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EPA Encourages the Public to Comment on Proposed Cleanup Plan for the Niagara Mohawk Power Corp. Superfund Site in Saratoga Springs, New York; Public Meeting on March 7, 2013 at Saratoga Spa State Park
Release Date: 02/27/2013
Contact Information: Elias Rodriguez, 212-637-3664, email@example.com
- (New York, N.Y.) The U.S. Environmental Protection Agency has proposed a plan to clean up contaminated soil and ground water at the Niagara Mohawk Power Corporation Superfund site in Saratoga Springs, New York. The site, which was once used to manufacture gas from coal, is contaminated by polycyclic aromatic hydrocarbons (PAHs) and volatile organic compounds (VOCs) that were produced as byproducts and disposed of on site. PAHs are suspected cancer causing substances. Many VOCs are known to cause cancer in animals and can cause cancer in people. The community obtains its drinking water from public wells, which are not contaminated.
“The proposed plan for the Niagara Mohawk site is an important step toward completing the cleanup and ensuring that people’s health is protected into the future,” said Judith A. Enck, EPA Regional Administrator. “I encourage the public to attend the public meeting and provide their input on the proposed plan.”
The EPA will hold a public meeting on March 7, 2013 to explain the proposed plan. It will be held at 7:00 p.m. at the Saratoga Spa State Park Administration Building, 19 Roosevelt Drive, Saratoga Springs, NY. Comments will be accepted until March 28, 2013.
From approximately 1853 to the 1940s, Niagara Mohawk's predecessors, Saratoga Gas and Light and New York Power and Light Corporation, produced gas used to power gas street lights at the Niagara Mohawk property on Excelsior Ave. After gas manufacturing ceased at the site, the Niagara Mohawk Power Corporation used its property for storage and to park vehicles. The property is currently owned by National Grid. The EPA added the Niagara Mohawk Power Corp. site to the Superfund list in 1990.
The EPA issued its first cleanup plan for the site in 1995 after finding contaminants in the ground water and soil on the Niagara Mohawk property, at a former skating rink formerly owned by the city and in stream sediment along portions of Spring Run Creek. During the first cleanup, contaminated soil and sediment were removed from areas containing coal tar waste, underground barriers were installed to contain the contaminated ground water, a protective cap was installed to cover contaminated soil and monitoring was initiated. Additionally, a system to extract and treat contaminated ground water was constructed and continues to operate. In all, over 68,400 tons of contaminated soil and 16,700 tons of contaminated sediment were removed from the site. This work was completed in 2002.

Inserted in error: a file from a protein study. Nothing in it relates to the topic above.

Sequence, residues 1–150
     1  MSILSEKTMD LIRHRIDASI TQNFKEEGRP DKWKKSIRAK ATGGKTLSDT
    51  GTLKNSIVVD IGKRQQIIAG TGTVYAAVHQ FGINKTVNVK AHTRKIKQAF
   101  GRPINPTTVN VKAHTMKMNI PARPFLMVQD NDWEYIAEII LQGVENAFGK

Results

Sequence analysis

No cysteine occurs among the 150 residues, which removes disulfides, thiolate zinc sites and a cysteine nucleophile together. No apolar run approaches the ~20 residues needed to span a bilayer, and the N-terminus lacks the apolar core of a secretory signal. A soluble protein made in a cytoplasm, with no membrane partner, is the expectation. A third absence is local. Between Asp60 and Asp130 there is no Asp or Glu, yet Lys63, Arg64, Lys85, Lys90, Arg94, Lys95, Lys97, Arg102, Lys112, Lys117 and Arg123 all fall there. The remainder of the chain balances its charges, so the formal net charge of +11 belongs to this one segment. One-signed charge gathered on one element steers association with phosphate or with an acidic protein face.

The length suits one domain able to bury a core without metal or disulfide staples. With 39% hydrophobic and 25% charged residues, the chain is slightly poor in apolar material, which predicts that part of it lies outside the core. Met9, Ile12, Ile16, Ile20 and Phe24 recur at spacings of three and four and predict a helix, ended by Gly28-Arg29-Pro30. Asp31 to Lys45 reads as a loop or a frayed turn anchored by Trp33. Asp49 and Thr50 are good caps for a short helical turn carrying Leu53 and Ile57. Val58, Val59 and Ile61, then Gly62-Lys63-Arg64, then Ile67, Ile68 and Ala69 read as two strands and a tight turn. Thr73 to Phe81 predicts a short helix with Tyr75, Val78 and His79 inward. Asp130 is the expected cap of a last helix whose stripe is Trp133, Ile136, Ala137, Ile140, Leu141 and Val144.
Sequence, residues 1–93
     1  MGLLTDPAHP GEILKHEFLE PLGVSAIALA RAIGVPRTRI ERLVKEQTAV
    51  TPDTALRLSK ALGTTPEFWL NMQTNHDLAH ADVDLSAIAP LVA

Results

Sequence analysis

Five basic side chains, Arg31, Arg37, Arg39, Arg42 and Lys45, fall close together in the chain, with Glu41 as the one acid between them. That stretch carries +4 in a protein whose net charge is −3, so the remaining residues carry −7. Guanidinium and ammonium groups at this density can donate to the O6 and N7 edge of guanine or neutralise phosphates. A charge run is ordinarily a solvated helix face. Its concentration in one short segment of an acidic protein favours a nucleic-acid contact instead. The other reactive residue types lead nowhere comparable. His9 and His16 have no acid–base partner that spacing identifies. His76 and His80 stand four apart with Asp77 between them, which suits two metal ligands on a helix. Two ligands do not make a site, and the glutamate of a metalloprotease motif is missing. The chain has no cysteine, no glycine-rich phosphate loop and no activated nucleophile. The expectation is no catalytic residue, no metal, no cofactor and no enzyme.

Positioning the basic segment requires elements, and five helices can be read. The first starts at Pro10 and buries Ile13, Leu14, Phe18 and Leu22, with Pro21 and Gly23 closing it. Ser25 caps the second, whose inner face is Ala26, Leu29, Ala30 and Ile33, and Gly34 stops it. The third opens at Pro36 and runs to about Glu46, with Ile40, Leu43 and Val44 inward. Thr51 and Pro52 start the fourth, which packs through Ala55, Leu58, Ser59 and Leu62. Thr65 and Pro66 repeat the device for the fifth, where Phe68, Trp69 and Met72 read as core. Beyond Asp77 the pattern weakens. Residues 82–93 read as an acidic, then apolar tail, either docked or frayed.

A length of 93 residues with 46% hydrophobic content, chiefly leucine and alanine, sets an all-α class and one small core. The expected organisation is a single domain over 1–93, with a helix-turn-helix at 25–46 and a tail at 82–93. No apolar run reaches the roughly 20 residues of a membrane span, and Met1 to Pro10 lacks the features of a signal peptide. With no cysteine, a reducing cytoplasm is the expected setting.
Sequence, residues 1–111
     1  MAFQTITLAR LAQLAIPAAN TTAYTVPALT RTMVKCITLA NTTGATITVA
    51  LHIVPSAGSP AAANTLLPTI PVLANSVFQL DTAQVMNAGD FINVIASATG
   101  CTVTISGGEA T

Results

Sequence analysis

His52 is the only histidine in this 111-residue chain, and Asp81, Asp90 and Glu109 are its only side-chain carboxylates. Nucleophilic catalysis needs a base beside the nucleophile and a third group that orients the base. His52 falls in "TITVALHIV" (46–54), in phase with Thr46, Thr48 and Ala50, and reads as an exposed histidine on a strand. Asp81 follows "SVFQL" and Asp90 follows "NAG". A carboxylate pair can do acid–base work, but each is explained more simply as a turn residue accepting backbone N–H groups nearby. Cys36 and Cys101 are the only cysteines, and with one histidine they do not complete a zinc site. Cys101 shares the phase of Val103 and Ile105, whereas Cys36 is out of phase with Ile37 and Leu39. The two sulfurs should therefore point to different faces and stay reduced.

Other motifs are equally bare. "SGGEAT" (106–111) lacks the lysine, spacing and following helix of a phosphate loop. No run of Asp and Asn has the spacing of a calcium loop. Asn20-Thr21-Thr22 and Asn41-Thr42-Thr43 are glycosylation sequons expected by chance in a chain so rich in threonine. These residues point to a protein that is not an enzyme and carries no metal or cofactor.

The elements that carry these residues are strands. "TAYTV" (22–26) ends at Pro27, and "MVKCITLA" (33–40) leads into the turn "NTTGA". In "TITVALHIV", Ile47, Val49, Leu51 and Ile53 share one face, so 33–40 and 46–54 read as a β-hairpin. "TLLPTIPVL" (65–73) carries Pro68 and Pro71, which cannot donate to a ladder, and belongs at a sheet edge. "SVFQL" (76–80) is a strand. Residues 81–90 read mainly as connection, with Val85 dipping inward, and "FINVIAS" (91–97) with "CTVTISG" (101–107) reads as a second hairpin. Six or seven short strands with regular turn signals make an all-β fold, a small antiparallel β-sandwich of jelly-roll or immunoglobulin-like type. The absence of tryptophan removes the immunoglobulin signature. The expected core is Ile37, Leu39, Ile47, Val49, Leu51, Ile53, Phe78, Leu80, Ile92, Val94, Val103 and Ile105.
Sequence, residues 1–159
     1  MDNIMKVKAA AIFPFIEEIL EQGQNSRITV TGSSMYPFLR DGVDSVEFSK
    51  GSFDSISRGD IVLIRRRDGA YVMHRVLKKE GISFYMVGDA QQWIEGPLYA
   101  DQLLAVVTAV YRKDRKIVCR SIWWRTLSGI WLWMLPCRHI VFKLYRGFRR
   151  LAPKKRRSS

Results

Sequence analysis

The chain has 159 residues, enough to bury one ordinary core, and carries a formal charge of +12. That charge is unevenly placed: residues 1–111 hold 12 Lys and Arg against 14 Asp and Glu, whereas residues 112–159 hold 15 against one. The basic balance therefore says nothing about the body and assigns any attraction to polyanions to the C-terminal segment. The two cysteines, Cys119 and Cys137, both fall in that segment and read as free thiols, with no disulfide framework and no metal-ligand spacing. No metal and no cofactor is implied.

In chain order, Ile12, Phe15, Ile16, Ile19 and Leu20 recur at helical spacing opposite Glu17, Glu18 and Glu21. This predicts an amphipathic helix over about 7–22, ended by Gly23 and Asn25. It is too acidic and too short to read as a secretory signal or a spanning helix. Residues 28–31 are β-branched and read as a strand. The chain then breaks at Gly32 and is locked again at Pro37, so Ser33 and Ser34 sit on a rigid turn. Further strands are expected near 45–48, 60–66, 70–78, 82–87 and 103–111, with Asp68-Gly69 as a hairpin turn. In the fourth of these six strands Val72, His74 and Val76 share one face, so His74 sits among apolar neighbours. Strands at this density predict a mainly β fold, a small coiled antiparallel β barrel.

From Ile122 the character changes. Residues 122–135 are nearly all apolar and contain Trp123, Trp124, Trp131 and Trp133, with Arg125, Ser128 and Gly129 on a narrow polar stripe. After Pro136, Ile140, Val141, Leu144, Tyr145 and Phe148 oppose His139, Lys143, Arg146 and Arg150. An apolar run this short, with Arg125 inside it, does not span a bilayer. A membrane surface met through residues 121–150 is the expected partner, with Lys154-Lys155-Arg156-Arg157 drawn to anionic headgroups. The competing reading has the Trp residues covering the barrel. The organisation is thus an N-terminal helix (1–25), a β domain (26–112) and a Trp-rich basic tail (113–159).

In this proposed second and final phase of the cleanup, the EPA will clean up contaminated soil and ground water discovered in a half acre area near Excelsior, Warren and High Rock Avenues. It includes a section of Excelsior Avenue, a small green space containing the Old Red Spring well and pavilion and a section of a paved parking lot.
Under the EPA’s plan, the top two feet of contaminated soil near the Old Red Spring well will be dug up and disposed of at a facility licensed to receive the waste. The excavated areas will then be filled with clean soil. The EPA will also solidify and stabilize contaminated areas of deeper soil in the same area with a cement-like material. Walls and a mat will be installed to contain contaminated soil underneath the surface of Excelsior Avenue. Following the work, any grassy areas, plants, parking lots, roadways or sidewalks impacted during the cleanup will be restored.
In addition, the contaminated ground water will be treated using a non-hazardous additive to break down the contamination to meet federal and state water quality standards. The EPA will require the periodic collection and analysis of ground water samples to verify that the level and extent of the contamination is declining. The proposed plan requires environmental easements and restrictions on land use that will prevent activities that could disturb the cleanup and prohibits the use of ground water wells, among other restrictions.
The Superfund program operates on the principle that polluters should pay for cleanups, rather than passing the costs to taxpayers. After sites are placed on the Superfund list of the most contaminated waste sites, the EPA searches for parties responsible for the contamination and holds them accountable for the costs of investigations and cleanups. To date, the cleanup of the Niagara Mohawk Power Corp. Superfund site has been conducted and paid for by Niagara Mohawk and National Grid with oversight by the EPA.
Written comments may be mailed or emailed to:
Maria Jon, Remedial Project Manager
U.S. Environmental Protection Agency – Region 2
290 Broadway, 20th Floor
New York, N.Y. 10007-1866
More information can be found at http://www.epa.gov/region2/superfund/npl/niagaramohawk
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